UVA SOM Research Portfolio

Advice for the Research Portfolio

  • The research narrative should be written for a knowledgeable but non-expert audience.
  • Limit the research narrative to 4-5 pages (not including the Appendix). Less is better.
  • Do not report impact factors for journals in which you publish or your H-index. These parameters should not be in your promotion materials.
  • Be consistent in formatting, font and style throughout the document.
  • The research portfolio should complement the CV and not replicate it. The CV has the content and the research portfolio provides the context. The referee letter writers will not receive the research, teaching or clinical portfolios. Information that you feel is important for the referees should be in the CV and highlighted in the Personal Statement.
  • Avoid acronyms and abbreviations unless in common use. If you use acronyms or abbreviations, spell out, define or explain at the first use. Avoid lingo and only use terms that can be found by a search engine with the intended meaning.
  • Figures and diagrams such as those from review articles can be very informative but make sure text is legible. Do not show primary data.
  • Updates of this information, especially manuscripts accepted for publication and grants funded, should be submitted to the Dean’s Faculty Affairs and Development Office while your P&T case is under review (from October to January).
  • Sample portfolios from previous P&T candidates are available in SharePoint.

SECTION I: Research Narrative

This section provides context for listings in the CV and describes your research in more detail. Limit to 5 pages.

  1. Introductory statement
      1. Describe overall research interests, including a brief personal research history.
      2. Emphasis should be on current projects, then potential new projects, and finally, projects carried out previously in your faculty position. Do not describe research projects from training positions (student, post-doc, Resident or Fellowships) unless continued as a faculty member.
      3. Describe changes in research directions leading to new projects. Explain factors compelling new directions or projects, and training done to learn new approaches.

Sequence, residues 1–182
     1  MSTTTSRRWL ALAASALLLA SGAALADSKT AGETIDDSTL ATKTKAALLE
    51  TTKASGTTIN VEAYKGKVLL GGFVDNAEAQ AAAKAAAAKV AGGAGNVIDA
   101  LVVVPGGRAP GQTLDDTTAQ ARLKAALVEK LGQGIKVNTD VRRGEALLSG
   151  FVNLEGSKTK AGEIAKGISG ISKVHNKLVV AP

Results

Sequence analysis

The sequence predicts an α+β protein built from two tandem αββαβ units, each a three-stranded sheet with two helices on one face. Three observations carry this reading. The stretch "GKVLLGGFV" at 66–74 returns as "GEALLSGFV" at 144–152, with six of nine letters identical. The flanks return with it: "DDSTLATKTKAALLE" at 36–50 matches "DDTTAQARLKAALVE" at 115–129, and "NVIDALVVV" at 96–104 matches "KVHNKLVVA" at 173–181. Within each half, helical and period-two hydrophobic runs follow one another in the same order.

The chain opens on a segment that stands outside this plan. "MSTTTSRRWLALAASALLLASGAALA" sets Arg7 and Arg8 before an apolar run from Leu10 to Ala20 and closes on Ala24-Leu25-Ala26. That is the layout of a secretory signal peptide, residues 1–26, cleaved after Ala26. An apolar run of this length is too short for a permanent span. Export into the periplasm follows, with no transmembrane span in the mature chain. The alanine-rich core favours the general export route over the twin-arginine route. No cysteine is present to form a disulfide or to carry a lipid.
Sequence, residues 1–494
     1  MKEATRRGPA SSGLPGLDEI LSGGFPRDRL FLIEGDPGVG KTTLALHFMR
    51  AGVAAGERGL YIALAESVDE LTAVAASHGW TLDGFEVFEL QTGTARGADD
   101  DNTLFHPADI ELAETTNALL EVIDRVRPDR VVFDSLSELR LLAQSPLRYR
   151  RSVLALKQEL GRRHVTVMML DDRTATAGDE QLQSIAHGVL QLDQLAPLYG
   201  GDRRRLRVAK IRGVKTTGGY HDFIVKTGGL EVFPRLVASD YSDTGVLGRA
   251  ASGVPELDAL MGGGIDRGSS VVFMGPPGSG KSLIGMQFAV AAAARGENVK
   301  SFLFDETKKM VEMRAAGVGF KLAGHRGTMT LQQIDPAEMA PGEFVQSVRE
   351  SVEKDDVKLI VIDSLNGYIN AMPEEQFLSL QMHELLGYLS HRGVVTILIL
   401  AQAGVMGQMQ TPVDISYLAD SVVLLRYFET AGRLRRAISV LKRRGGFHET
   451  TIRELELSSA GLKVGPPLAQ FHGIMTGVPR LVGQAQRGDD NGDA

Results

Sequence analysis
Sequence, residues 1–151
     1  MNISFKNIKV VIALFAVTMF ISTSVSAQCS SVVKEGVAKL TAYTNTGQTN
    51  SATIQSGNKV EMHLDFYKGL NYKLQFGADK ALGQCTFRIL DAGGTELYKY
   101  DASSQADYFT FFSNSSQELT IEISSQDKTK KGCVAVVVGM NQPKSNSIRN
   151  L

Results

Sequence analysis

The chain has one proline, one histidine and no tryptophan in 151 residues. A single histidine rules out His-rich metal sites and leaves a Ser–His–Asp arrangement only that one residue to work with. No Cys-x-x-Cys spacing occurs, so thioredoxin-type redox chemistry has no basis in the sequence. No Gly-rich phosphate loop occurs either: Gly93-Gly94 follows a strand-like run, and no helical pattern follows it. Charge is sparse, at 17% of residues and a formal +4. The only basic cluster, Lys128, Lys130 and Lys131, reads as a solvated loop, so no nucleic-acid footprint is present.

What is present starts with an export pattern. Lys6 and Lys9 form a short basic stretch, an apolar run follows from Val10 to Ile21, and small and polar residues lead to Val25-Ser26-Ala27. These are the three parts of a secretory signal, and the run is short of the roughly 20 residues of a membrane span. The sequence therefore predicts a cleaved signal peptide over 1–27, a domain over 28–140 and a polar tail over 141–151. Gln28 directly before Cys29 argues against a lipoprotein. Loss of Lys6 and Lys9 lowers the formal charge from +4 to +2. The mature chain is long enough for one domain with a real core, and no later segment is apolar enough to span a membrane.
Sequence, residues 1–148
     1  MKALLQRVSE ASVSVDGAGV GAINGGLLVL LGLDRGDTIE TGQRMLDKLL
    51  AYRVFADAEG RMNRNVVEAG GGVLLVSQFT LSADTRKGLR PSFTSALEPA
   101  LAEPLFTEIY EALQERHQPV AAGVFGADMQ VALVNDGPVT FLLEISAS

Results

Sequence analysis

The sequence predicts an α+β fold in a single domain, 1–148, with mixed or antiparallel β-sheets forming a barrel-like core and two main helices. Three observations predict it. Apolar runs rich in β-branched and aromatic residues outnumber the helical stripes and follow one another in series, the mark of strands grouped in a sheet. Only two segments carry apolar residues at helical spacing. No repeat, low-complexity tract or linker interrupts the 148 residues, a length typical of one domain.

2. Describe specific research projects in individual sections
      1. Distinguish Principal Investigator projects vs team science projects
        1. List collaborators or PIs of projects and their titles and institutions, or for large research or clinical trial consortia, describe their purpose, aims and membership.
        2. Describe your specific roles and why your participation is critical to the project.
      2. For each project, cite your relevant publications and other scholarship that results from each project
        1. Either list the reference with the project description or cite your publications list.
        2. Include manuscripts under review, submitted or in pre-print servers (bioRxiv or medRxiv) (do not name the journal until the paper is accepted.)
        3. For each publication or manuscript, include a full list of authors, indicate the corresponding or senior author(s) by an (*) and underline co-authors who are your trainees.
        4. For collaborative papers, indicate your contributions and roles in the projects.
  3. Provide the link to the journal (DOI) and/or PubMed Central (PMCID).
      1. Your key and most impactful papers should be among the three reprints or pre-prints included in the P&T dossier. Annotate to explain why the paper is important. If not accessible on-line, you may provide reprints or pre-prints of key papers in an Appendix to the research portfolio.
      2. Include unpublished manuscripts only if key to your research.
  4. For each project, list current or proposed funding (internal and external) relevant to each project
      1. Include grants or fellowships awarded to your fellows or students working on the project.

SECTION II: Scholarship

  1. List peer-reviewed publications in the same manner as the CV, but only those that are relevant to the research described in the research narrative.
  2. Other scholarship related to research projects including reviews, books, book chapters, electronic media, conference abstracts, patents and intellectual property.
  3. Invited talks relevant to research: conferences, seminars, Grand Rounds, workshops, symposia, keynote or plenary presentations, etc.

SECTION III: Contributions & Service to Research

These activities should be in the CV. Only highlight the contributions and service that arise from your research. 

  1. Journal or news media highlights of your research. 
  2. Awards, elections to honor societies, society fellows, etc. 
  3. Service membership and leadership appointments (distinguish local, regional, national and international) such as: 
      1. Journal review, editorial boards and editorships 
      2. Grant review panels 
      3. Advising or consulting 
      4. Conference organization 
      5. Society committees 
      6. Executive boards